One of football's top managers, Jose Mourinho, may have used a New Zealand company to dodge tax on his image rights.
Mourinho, the former Real Madrid manager who was also sacked by Manchester United before Christmas, has accepted a one-year prison sentence for defrauding the Spanish state of €3.3 million ($NZ5.4m), a Spanish court filing showed on Tuesday, although the Portuguese will not serve any jail time.
The filing said the tax ministry and Mourinho's defence team had agreed to exchange the 12-month prison sentence with a daily fine of €250 for 24 months, equivalent to €182,500, as under Spanish law jail terms under two years can be served under probation.
The court filing said Mourinho leased his image rights to companies based in the British Virgin Islands and Ireland in 2004, but left those earnings out of his tax returns from 2011 and 2012, when he was coach of Real Madrid and a fiscal resident in Spain, "with the aim of obtaining illicit profits", according to Reuters.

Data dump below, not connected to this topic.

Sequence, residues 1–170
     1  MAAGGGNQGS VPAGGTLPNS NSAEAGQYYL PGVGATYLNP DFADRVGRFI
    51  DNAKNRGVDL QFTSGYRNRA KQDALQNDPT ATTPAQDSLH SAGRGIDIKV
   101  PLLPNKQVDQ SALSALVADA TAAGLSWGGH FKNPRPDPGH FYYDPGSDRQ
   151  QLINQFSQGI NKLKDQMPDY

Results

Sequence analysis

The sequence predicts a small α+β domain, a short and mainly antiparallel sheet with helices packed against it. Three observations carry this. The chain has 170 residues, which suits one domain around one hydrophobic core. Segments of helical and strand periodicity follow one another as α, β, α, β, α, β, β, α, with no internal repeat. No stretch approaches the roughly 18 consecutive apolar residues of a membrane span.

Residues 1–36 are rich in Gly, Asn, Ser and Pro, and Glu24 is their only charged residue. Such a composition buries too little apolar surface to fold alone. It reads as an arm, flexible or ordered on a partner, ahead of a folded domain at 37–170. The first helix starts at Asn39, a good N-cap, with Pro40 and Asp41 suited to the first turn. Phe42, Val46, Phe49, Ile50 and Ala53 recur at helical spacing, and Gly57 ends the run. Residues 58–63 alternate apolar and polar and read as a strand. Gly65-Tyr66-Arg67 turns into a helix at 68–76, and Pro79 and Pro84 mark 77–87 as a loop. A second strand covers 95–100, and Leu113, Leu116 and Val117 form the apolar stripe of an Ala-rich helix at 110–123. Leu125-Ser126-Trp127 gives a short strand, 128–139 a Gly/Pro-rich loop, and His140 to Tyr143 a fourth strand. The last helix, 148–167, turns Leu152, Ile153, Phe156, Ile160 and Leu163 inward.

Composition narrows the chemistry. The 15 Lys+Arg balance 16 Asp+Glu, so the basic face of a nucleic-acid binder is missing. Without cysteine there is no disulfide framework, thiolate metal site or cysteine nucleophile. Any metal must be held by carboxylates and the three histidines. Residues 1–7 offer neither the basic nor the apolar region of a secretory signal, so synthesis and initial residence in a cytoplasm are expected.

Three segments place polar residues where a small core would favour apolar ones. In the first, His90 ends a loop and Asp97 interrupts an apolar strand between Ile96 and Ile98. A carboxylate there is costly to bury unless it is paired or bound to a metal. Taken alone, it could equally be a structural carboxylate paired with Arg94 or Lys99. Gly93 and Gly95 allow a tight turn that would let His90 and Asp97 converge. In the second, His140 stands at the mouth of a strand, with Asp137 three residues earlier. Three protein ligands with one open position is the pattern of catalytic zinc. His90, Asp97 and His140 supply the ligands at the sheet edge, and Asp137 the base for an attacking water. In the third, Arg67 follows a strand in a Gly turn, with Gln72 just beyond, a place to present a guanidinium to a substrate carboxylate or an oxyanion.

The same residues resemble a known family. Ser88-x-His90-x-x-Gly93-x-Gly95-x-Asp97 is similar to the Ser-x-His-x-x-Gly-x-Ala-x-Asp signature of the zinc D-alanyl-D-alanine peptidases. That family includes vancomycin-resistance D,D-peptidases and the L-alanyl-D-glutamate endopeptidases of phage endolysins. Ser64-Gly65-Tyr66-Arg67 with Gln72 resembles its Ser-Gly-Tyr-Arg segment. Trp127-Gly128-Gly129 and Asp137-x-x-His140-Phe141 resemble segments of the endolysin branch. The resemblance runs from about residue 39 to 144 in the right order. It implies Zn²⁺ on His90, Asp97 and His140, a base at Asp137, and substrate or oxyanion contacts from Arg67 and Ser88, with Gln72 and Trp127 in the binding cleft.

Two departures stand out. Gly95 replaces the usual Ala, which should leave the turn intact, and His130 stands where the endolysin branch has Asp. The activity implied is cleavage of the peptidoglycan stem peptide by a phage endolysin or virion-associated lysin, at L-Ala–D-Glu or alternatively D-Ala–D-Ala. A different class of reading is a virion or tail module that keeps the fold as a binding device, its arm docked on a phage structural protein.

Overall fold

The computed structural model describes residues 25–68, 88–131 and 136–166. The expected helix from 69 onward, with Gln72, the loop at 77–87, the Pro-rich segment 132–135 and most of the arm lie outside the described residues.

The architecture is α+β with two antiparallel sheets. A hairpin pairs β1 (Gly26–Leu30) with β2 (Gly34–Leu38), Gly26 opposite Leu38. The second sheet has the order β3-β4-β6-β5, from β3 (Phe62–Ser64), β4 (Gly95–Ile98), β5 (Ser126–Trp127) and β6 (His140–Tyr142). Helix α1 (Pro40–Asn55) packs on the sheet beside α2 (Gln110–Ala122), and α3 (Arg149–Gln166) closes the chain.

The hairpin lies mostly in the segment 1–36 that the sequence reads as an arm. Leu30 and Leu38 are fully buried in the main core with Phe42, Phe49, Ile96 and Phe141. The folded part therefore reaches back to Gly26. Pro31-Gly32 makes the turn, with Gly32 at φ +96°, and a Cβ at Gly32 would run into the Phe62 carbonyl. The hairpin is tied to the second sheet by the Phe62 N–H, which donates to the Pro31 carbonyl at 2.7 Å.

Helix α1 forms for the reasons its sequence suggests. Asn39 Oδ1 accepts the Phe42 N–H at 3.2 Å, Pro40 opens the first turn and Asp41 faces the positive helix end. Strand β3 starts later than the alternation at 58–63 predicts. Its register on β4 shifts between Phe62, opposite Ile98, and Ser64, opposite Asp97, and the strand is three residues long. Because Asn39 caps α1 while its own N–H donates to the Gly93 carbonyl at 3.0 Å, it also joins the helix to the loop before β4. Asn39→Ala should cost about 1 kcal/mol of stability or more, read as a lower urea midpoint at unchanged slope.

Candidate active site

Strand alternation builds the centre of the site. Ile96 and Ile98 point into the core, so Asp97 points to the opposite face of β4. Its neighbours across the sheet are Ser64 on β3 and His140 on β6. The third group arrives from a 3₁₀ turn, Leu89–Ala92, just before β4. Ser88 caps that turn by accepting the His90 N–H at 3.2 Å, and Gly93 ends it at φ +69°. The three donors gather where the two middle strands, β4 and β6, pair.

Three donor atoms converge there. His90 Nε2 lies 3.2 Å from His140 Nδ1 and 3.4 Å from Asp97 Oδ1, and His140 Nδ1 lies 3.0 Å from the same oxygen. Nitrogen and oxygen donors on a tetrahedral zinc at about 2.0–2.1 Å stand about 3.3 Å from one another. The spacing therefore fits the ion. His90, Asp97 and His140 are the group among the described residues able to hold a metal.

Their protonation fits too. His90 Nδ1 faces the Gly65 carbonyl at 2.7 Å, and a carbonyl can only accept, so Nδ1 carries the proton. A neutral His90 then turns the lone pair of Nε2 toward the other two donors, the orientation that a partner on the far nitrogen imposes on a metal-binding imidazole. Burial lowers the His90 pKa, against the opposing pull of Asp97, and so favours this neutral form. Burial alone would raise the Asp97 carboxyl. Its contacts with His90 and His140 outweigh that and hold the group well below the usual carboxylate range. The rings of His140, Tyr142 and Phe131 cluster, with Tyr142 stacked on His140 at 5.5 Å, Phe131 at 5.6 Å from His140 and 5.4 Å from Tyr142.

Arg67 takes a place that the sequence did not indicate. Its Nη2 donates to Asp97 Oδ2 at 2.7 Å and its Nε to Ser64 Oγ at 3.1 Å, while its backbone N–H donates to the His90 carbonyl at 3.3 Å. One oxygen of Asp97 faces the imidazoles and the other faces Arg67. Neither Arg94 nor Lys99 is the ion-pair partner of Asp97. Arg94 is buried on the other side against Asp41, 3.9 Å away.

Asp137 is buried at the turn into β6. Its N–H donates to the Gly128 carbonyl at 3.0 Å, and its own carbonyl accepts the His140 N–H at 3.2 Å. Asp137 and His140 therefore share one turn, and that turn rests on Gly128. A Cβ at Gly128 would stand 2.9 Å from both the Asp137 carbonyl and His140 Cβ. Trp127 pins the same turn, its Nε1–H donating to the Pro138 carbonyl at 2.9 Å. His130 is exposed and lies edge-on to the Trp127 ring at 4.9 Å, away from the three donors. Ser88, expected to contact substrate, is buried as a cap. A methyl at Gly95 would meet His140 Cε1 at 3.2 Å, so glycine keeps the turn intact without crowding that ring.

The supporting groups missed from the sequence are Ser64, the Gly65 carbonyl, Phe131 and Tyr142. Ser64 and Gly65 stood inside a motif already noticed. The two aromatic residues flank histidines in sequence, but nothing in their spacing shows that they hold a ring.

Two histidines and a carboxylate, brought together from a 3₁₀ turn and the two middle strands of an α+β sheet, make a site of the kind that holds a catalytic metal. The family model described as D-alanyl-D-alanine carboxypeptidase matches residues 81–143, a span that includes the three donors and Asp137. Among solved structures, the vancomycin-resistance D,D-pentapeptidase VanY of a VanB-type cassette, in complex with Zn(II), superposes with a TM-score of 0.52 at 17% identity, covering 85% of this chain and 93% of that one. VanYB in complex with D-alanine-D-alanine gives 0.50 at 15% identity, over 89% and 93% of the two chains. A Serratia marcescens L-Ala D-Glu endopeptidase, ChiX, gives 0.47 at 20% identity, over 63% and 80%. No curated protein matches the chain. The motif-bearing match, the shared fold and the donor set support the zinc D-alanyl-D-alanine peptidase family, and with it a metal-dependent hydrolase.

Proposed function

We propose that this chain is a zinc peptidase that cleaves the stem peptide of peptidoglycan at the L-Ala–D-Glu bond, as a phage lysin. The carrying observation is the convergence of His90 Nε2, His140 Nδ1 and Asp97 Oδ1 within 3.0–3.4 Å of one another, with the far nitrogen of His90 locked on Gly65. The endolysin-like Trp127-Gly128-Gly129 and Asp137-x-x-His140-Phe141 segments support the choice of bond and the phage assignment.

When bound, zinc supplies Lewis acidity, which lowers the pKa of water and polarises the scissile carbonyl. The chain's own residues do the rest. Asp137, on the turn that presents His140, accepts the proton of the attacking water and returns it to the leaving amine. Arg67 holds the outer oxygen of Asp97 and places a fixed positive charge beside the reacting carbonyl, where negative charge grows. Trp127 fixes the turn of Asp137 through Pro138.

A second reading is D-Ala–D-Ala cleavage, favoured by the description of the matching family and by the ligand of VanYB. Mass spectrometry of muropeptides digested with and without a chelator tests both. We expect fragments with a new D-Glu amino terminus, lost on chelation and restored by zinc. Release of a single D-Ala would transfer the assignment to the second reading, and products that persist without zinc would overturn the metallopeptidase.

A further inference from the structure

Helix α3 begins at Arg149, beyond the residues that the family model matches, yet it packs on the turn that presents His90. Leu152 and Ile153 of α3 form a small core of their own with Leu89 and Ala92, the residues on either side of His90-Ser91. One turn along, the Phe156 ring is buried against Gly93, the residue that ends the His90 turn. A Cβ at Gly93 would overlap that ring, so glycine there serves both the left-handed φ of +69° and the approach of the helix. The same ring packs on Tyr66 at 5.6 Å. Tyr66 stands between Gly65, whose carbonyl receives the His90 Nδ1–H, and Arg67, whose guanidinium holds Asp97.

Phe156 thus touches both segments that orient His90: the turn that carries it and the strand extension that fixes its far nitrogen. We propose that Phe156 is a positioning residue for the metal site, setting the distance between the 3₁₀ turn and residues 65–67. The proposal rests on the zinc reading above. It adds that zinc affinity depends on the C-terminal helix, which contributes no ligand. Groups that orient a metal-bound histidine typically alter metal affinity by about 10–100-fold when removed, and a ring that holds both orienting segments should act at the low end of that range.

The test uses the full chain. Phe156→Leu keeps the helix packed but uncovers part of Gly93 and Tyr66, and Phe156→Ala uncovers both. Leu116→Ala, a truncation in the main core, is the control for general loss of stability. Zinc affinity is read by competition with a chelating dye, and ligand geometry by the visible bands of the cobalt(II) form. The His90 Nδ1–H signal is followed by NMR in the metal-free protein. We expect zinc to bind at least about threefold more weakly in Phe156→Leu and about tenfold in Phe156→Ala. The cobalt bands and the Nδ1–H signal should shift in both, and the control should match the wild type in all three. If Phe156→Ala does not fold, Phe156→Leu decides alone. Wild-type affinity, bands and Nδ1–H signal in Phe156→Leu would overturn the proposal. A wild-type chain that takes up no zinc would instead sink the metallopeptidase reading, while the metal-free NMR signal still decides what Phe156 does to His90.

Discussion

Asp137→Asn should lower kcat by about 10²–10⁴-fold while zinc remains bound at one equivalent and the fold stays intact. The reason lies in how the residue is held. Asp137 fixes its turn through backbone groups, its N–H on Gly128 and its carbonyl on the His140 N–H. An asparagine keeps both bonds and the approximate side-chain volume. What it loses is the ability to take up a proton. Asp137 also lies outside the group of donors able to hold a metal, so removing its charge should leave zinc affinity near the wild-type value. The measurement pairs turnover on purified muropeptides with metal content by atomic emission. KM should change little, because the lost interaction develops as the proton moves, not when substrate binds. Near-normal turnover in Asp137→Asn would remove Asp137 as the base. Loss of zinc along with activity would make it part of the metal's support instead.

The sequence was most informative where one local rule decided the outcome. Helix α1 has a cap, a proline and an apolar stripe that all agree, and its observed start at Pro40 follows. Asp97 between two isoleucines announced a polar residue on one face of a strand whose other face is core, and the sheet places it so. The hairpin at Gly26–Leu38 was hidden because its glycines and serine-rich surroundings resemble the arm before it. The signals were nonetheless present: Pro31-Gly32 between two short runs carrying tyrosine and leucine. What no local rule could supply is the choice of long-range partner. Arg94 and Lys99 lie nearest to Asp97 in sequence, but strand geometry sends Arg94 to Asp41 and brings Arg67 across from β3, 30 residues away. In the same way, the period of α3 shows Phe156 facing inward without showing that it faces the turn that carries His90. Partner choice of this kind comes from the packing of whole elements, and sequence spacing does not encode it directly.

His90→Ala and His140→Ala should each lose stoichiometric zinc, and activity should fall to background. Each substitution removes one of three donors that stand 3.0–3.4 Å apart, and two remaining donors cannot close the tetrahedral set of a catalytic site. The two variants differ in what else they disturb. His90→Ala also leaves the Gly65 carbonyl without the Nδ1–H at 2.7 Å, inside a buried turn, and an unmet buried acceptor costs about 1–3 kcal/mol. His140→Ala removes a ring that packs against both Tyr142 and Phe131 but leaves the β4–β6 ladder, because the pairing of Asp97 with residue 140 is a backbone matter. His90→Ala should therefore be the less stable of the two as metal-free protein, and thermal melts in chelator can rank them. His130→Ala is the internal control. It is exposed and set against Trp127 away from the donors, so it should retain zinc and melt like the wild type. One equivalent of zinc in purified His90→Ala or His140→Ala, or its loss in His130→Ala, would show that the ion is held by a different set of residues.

But the Guardian reported that the companies were based in the British Virgin Islands, Ireland and New Zealand.
"All these corporate structures were used by the accused in order to hide the profits from his image rights," the Guardian reported the court indictment as saying.
As well as the one-year prison sentence, Mourinho has been fined €1.9 million, 60 percent of the amount defrauded, as well as €121,764 in interest.
Mourinho is one of the most successful coaches in modern European soccer, winning league titles with Chelsea, Inter Milan, Real Madrid and Porto. He also won the Champions League in 2004 with Porto and in 2010 with Inter Milan.
He was sacked in December by Manchester United after the Premier League club, who won the last of their record 20 top flight league titles in 2013, endured their worst start to a season for 28 years.